Dan. 2. 48, 49.Secondly, by the Magistracy of Daniel and his fellows, whom the King set up for inferior magistrates, as by apples, the fruit of the apple trees.

[From Chapter IV.]

Thy hair as a flock of Goats that appear from mount Gilead.]

Hair, though it hang long upon the head, yet it may in time either,

First, fall of itself.

Secondly, be cut off: so were the common Christians of that time (as it were) hair,

1. For multitude.

2. Hanging on Christ the head.

3. Falling many of them from him:

First, either of themselves, Or

Secondly, cut off by the practices of the Priests: hence it was that Jesus durst not commit himself to them.

As a flock of Goats,] which are wont,

First, to assemble themselves in companies: so did the people gather after Christ.

Secondly, to be without a shepherd, as this people were.

Thirdly, to feed afar off, and that somewhat dangerously, upon Rocks.

So the people came from far to hear Christ, and were in danger for feeding on him.

[From Chapter V.]

Verse 11.His head is as the most fine gold, his locks are bushy, and black as a raven.

His head is as the most fine gold.]Christ comes now to be described in his members more particularly: This head of gold Christ shewed on the earth in the person of Frederick, the second Emperor of Rome, a Prince of much purity and worth, as an head of the Church of fine gold: He contended with many Popes about the headship of the Church, advanced the headship of Christ and of himself, his Vice-gerents, above the counterfeit head of the Pope’s Supremacy. He wrastled for Christ against them with much difficulty, yet prevailed; so that even in the popish schools his election of God was agreed and condescended unto by sundry.

His locks are bushy, or curled, and black as a raven.]Curled black hair is a sign of heat and courage, and wit in him that it groweth upon: such was the Emperor himself, and such were the common Christians of that age that did depend upon their Emperor; they stuck close to him; learned men with wit, more than former ages had yielded, and soldiers with courage maintained his person and cause.

Who Should Bear the Keys.
[From “THE KEYES Of the Kingdom of HEAVEN, AND Power thereof, according to the VVord of God. By That learned and Judicious Divine, Mr. IOHN COTTON, Teacher of the Church at Boston, in New England, Tending to reconcile some present differences about DISCIPLINE,” etc. London, 1644.]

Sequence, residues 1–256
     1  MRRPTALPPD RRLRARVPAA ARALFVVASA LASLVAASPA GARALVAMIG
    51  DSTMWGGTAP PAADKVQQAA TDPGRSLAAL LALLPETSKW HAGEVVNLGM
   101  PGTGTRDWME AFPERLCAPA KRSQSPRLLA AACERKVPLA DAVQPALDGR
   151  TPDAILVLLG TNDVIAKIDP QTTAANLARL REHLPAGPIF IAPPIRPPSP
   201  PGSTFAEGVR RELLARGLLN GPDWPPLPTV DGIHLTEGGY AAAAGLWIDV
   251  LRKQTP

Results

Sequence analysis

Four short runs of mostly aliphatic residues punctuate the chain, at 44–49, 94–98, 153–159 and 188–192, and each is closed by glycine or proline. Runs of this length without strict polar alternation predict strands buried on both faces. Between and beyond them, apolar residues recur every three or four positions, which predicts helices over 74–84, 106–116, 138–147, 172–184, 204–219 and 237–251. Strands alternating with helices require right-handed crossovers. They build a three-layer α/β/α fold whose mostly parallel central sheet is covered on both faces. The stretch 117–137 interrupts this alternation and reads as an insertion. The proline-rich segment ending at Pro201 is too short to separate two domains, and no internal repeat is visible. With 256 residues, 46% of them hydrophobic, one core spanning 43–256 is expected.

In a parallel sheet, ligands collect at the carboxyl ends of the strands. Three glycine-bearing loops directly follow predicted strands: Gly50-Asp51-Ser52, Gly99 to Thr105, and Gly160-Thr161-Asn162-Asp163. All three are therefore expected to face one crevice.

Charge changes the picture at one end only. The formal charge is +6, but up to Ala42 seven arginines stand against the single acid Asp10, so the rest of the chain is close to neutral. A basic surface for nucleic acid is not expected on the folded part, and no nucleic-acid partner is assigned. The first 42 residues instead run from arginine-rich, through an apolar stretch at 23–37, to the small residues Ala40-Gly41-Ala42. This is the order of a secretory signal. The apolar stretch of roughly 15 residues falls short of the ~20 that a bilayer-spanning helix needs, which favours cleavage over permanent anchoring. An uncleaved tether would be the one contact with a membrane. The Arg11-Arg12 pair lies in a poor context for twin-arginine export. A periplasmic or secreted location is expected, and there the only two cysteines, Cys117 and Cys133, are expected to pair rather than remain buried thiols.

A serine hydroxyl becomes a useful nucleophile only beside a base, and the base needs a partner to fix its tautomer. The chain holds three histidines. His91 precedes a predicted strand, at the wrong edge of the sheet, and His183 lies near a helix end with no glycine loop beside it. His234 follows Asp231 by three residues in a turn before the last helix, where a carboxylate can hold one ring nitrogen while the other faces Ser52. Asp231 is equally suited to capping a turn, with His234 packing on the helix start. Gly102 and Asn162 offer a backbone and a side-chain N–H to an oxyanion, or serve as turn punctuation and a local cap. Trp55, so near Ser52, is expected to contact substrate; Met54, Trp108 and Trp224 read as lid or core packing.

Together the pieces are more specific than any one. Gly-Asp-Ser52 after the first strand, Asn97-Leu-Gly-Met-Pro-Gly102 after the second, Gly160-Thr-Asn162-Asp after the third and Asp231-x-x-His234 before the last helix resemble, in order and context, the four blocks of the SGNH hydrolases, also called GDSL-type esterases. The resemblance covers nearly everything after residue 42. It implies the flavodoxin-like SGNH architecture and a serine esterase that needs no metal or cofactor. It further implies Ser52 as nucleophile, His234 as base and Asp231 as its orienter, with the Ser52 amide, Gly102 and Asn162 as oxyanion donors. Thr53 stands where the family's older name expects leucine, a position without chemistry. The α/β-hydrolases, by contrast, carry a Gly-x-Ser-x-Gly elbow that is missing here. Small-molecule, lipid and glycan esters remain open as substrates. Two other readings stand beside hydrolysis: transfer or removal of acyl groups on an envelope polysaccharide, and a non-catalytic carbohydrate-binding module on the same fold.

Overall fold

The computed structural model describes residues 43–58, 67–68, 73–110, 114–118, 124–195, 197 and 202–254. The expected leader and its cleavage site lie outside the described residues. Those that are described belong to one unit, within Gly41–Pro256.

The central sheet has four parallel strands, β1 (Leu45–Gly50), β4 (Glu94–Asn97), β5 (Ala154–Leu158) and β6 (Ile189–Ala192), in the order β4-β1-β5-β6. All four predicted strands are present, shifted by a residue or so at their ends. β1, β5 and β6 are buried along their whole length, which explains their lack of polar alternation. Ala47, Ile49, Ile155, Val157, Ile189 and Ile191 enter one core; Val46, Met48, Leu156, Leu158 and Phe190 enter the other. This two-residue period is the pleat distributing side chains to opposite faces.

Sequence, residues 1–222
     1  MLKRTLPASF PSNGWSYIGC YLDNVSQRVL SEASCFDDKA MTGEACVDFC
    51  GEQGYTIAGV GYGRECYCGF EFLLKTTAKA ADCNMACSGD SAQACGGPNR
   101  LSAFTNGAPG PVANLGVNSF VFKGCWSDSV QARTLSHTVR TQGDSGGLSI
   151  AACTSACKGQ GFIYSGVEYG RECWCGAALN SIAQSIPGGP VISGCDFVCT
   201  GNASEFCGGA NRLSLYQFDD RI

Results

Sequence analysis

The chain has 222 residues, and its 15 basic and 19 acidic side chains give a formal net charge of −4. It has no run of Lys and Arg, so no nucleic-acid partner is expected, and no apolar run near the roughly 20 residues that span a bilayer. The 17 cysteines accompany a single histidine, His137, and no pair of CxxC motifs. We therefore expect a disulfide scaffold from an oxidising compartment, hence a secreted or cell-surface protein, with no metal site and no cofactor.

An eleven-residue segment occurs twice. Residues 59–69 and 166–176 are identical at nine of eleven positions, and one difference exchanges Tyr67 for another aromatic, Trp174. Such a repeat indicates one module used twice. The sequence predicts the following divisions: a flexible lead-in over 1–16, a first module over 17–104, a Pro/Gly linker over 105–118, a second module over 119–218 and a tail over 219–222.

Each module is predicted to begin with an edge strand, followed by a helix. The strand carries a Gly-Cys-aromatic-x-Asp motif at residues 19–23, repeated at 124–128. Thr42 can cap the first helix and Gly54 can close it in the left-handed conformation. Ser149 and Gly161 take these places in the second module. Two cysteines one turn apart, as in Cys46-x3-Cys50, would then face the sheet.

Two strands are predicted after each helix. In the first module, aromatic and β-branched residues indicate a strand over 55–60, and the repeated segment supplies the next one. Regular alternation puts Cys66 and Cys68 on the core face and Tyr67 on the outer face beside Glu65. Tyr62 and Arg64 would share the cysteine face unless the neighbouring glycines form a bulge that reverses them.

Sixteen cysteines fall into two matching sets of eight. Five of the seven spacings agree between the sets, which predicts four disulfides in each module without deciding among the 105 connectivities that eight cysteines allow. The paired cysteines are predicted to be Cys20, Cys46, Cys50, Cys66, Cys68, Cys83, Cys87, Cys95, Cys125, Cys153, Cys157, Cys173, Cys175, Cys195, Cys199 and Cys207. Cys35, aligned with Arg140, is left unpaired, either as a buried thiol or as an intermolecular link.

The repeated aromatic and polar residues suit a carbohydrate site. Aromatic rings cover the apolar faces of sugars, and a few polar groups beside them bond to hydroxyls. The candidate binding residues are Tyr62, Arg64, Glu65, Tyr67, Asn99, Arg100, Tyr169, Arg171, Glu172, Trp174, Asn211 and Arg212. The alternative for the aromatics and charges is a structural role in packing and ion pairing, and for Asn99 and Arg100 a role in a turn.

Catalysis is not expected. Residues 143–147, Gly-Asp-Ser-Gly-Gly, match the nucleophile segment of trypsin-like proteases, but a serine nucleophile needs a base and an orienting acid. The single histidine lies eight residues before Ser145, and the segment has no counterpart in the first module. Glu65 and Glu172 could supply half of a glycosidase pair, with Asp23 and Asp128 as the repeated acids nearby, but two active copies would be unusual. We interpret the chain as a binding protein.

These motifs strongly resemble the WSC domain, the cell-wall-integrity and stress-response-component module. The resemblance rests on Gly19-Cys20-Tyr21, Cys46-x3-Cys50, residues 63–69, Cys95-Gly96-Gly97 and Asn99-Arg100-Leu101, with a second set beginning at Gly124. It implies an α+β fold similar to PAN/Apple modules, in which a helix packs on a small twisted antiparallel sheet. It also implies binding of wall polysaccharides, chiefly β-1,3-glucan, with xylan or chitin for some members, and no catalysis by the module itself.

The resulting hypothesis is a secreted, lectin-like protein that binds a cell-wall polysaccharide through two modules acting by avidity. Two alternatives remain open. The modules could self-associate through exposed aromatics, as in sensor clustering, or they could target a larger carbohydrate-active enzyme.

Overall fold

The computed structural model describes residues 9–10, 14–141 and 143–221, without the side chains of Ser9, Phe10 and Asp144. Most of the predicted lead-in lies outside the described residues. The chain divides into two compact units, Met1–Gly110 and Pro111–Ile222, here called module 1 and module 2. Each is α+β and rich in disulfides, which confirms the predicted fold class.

[Chap. VII.]

Obj. 2. The body of the Church is the Spouse of Christ, the Lamb’s wife, and ought not the wife to rule the servants and stewards in the house, rather than they her? Is it not meet the Keys of Authority should hang at her girdle rather than at theirs?

Answ. There is a difference to be put between Queens, Princesses, Ladies of great Honor (such as the Church is to Christ, Psal. 45. 9), and country huswives, poor men’s wives. Queens and great persons have several offices and officers for every business and service about the house, as Chamberlains, Stewards, Treasurers, Comptrollers, Ushers, Bailiffs, Grooms, and Porters, who have all the authority of ordering the affairs of their lord’s house on their hands. There is not a key left in the Queen’s hand of any office, but only of power and liberty to call for what she wanteth according to the King’s royal allowance; which if she exceed, the officers have power to restrain her by order from the King. But country huswives, and poor men’s wives, whose husbands have no Officers, Bailiffs, or Stewards, to oversee and order their estates, they may carry the keys of any office at their own girdles, which the husband keepeth not in his own hand, not because poor huswives have greater authority in the house than queens; but because of their poverty and mean estate, they are fain to be instead of many servants to their husbands.

Of Brownists, Etc.
[From the way of Congregational Churches Clared, By Mr. John Cotton, London, 1648.]
[Part I. Chap. II.]

… AS there is a vast difference between the Episcopacy of England, and the Superintendency of Germany (the one ruling by Monarchical Power, the other by the consent of the Aristocratical Presbytery:) so neither is there such correspondency between the German Anabaptism, and the English Brownism, as to make Brownism a native branch of Anabaptism.

… Answ. The dissolution of ice and snow into water, doth indeed argue strongly their original from water, because they are easily resolved into it without putrefaction or corruption. But so is not the Separatist resolved into a German Anabaptist, without a further degree of corruption and putrefaction. It is no argument a man is bred of worms, because he is next resolved into worms; for he is not so resolved without putrefaction. Say not, a man is resolved at last into dust from whence he was first taken; and yet the resolution is not made without putrefaction. For man is not made of dust naturally, but by a transcendent creating power above Nature. But the Dissuader maketh the Separation a native branch of Anabaptism.